Spark of Divine Love within You
by Basil the Great
Love of God is not something that can be taught. We did not learn from
someone else how to rejoice in light or want to live, or to love our parents
or guardians. It is the same
– perhaps even more so
– with our love for God: it does not come by another's teaching.
As soon as the living creature (that is, man) comes to be, a power of reason
is implanted in us like a seed, containing with it the ability and the
need to love. When the school of God's law admits this power of reason,
it cultivates it diligently, skillfully nurtures it, and with God's help
brings it to perfection.
For this reason, as by God's gift, I find you with the zeal necessary
to attain this end, and you on your part help me with your prayers. I will
try to fan into flame the spark of divine love that is hidden within you,
as far as I am able through the power of the Holy Spirit.
First, let me say that we have already received from God the ability
to fulfill all his commands. We have then no reason to resent them, as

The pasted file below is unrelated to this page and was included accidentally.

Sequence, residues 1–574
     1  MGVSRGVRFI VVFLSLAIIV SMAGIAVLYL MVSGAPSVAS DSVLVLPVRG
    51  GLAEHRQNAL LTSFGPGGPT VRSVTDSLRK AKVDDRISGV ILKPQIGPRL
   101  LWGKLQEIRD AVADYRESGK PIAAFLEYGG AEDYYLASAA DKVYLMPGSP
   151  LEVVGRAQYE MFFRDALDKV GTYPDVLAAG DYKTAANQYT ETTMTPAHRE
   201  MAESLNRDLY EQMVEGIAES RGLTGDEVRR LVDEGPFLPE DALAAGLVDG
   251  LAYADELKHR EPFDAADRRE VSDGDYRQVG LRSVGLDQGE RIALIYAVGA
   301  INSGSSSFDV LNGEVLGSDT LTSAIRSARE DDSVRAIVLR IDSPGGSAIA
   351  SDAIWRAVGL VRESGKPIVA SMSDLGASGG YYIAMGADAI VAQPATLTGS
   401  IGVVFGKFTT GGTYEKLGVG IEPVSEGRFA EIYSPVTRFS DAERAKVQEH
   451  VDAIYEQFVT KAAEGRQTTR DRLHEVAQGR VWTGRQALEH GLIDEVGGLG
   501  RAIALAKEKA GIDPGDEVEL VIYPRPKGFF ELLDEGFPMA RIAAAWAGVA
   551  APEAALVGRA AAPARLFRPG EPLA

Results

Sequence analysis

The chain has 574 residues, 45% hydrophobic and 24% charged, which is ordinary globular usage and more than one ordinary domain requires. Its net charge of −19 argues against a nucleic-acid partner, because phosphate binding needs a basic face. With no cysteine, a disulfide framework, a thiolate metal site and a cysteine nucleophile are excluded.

if something beyond our capacity were being asked of us. We have no reason
either to be angry, as if we had to pay back more than we had received.
When we use this ability in a right and fitting way, we lead a life of
virtue and holiness. But if we misuse it, we fall into sin.
This is the definition of sin: the misuse of powers given us by God
for doing good, a use contrary to God's commandments. On the other hand,
the virtue that God asks of us is the use of the same powers based on a
good conscience in accordance with God's command.
Since this is so, we can say the same about love. Since we received
a command to love God, we possess from the first moment of our existence
an innate power and ability to love. The proof of this is not to be sought
outside ourselves, but each one can learn this from himself and in himself.
It is natural for us to want things that are good and pleasing to the eye,
even though at first different things seem beautiful and good to different
people. In the same way, we love what is related to us or near to us, though
we have not been taught to do so, and we spontaneously feel well disposed
to our benefactors.
What, I ask, is more wonderful than the beauty of God? What thought
is more pleasing and satisfying than God's majesty? What desire is as urgent
and overpowering as the desire implanted by God in a soul that is completely
purified of sin and cries out in its love: I am wounded by love?
The radiance of the divine beauty is altogether beyond the power of words
[Article excerpted from the
Rules of Basil the Great]